Saturday, 23 April 2016

Le Duc on the Road - Part deux - Athlone Castle

So this one came about a few weeks ago as I had to take my eldest daughter to an athletics meet in Athlone.

Remembering my late 1600s history of Ireland (and in between events), I of course remembered a certain siege. The castle is still there (alright, there has been a bit of rebuilding since the heavy bombardment during the second siege!) and a fantastic Nine Years War section with videos, uniforms and interactives. It was refurbished in 2012 with the new museum part added.

Originally a wooden structure, and existing through the medieval period, the castle gained notoriety during the sieges that occurred during the Williamite wars in 1690 and 1691.

Colonel Grace's refusal to surrender to General Douglas, a desperate bridge battle (Donnybrook - I'm looking at you for re-enactment rules) and a massive bombardment during the second siege are all notable events. There is plenty of fodder here for suitable scenarios.

View from the west, before crossing the bridge.

Proceeding up the entry-way - reputedly built well after the siege with sections of rubble to provide the foundations.



Some great full size art pieces - great period flavour. Grace's refusal to surrender...


Williamite artillery train.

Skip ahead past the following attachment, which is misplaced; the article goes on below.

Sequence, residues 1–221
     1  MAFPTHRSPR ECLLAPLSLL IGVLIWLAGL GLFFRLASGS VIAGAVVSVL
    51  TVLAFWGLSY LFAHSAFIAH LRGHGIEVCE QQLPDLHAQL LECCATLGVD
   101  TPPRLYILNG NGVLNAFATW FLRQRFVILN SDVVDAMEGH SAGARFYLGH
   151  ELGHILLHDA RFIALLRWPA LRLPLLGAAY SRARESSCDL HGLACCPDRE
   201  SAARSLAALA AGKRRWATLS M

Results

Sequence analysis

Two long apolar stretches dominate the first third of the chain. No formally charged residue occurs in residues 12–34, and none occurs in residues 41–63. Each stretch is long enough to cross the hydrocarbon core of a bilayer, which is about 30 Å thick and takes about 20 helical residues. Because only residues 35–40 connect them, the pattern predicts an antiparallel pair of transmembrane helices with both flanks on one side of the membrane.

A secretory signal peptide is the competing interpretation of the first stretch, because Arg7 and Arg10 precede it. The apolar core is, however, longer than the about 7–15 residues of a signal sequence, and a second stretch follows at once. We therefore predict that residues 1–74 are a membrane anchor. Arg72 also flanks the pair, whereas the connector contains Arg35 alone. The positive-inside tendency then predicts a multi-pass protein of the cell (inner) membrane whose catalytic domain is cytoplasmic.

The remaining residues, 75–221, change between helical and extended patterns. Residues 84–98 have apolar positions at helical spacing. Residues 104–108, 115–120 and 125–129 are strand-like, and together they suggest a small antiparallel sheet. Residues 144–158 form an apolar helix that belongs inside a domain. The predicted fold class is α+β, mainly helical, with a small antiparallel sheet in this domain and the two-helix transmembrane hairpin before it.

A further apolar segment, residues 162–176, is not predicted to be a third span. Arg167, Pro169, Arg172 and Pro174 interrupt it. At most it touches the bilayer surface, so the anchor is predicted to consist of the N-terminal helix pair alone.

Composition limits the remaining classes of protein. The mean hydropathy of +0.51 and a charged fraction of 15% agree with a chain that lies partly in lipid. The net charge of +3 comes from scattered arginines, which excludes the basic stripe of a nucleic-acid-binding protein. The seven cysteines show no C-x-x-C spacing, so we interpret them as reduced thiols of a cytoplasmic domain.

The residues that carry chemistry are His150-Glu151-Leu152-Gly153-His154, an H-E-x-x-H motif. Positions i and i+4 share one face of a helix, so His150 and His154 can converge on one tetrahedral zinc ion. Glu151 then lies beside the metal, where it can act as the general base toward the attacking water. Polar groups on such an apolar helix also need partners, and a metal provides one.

Video interactives showing the history of the second siege (I had the place to myself).





 
 Great maps and artwork - showing the progression of the fight.


 The fight at the bridge - Ginkel's engineers and the defenders. Crying out for a Donnybrook scenario.










 Period uniforms for the senior officers - stylised in artsy fashion.

Col. Richard Grace

Gustavus Hamilton


 Wurtemburg

 View back into town across the bridge - looking east.



 View toward the ford of the river - very approximately where Ginkel's troops would have crossed to end the second siege (there would not have been an Indian Restaurant there at that time ...ahem).


There was a lightning strike in 1697 which blew up the (then) magazine and further destroyed the walls. They've taken precautions now - clearly - the heaviest lightning conductor I've ever seen !



 The 'keep' and museum area.
View from the outside walls.

Would certainly recommend a visit if you're in Ireland. A great slice of late C17th history too.


No comments:

Post a Comment